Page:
An investment bank may remind you of the bank people work with business loans or the deposit of their paycheck. But the investment bank that we will discuss here is nothing like the corner people usually deal with.
Instead, it is a large financial institution that works primarily in high finance. It appeared after the 2008-2009 financial meltdown. It helps companies access the capital market (like stock and bond market).
Closely examining investment banks
With the help of investment bank services, companies can raise money for their expansion or other needs.
For instance, if a company wants to sell $4 billion worth of bond, for building a new branch in a new continent, then it needs help from the investment bank.
The investment bank will find a buyer for the bonds and handle the paperwork. Investment bank does that together with a team of lawyers and accountants.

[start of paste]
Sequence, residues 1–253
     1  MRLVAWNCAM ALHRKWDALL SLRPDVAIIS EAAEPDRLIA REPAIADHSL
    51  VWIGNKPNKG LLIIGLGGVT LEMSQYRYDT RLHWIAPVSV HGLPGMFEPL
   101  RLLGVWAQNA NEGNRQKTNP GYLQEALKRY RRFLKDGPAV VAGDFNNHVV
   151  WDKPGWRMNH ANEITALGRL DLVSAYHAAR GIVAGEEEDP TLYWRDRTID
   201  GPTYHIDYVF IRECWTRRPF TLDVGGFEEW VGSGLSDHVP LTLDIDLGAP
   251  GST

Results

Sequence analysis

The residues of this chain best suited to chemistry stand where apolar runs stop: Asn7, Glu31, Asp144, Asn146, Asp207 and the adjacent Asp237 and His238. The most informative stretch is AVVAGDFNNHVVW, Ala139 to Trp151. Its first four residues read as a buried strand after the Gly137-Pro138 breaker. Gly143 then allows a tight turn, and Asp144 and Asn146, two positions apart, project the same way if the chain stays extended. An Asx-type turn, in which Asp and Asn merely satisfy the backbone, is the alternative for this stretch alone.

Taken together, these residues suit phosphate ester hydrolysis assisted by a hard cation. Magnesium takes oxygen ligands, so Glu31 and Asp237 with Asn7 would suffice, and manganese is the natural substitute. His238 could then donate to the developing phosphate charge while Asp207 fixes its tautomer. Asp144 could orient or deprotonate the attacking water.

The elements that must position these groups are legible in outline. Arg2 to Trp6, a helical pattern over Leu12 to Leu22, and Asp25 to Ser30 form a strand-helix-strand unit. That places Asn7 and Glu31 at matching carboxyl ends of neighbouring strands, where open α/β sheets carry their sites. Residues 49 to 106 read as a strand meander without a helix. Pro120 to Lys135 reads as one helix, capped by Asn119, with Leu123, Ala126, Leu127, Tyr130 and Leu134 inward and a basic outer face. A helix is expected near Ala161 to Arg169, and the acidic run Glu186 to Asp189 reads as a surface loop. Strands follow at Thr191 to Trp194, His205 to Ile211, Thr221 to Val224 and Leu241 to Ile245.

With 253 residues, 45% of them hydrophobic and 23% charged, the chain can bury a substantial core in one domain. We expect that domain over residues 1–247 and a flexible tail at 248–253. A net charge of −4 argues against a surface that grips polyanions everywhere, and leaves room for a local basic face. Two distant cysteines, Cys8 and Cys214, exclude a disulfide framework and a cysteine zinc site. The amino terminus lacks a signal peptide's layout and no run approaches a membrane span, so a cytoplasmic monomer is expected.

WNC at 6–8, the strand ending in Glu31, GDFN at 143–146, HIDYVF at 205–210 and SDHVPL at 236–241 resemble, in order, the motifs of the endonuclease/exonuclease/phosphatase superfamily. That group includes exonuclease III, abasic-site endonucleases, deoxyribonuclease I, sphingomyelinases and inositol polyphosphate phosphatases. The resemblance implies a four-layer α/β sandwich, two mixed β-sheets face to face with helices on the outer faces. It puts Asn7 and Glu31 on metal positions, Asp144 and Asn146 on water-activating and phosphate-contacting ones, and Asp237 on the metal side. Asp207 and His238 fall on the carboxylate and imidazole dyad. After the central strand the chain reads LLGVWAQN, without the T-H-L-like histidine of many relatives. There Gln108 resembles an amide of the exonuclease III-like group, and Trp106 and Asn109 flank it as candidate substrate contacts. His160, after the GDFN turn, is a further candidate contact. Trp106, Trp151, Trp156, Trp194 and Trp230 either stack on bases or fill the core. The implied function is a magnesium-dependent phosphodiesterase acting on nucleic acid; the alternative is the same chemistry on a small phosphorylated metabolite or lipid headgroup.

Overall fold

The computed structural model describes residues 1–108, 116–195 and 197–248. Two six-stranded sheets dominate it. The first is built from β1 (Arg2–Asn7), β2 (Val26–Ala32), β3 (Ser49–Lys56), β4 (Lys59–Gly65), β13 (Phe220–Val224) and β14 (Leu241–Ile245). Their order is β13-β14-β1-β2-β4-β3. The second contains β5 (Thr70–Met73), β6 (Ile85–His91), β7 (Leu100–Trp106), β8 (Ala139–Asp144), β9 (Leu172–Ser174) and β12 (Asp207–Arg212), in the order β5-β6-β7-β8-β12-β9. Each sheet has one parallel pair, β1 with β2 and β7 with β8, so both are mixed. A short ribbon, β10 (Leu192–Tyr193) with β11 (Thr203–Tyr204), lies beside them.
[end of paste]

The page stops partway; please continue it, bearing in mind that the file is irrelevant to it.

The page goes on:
Besides, it can also involve in an initial public offering (IPO) when a private market goes public.
Buying and Selling
Investment bank’s services have two sides, the buy, and the sell-side. Some investment banks, however, offer both buy-side and sell-side services.
The sell-side services usually sell shares of newly issued IPOs and placing new bond issues. Other than that, it also engages in market making services or helping clients by facilitating transactions.
Contrarily, the buy-side helps customers with pension funds, mutual funds, hedge funds, and investing. Its main goal is to help them maximize their return every time customers invest or trade in securities like stocks and bonds.
Many investment banks are divided into three divisions.
Front office services typically consist of investment banking such as helping companies in mergers and acquisitions, corporate finance, and professional investment.
Middle office investment banking services include compliance with government regulations and restrictions for professional clients, like banks, insurance companies.
The back-office services include the nuts and bolts of the investment bank. It handles things such as trade confirmation, ensuring that the correct securities are bought, sold, and settled for the correct amounts.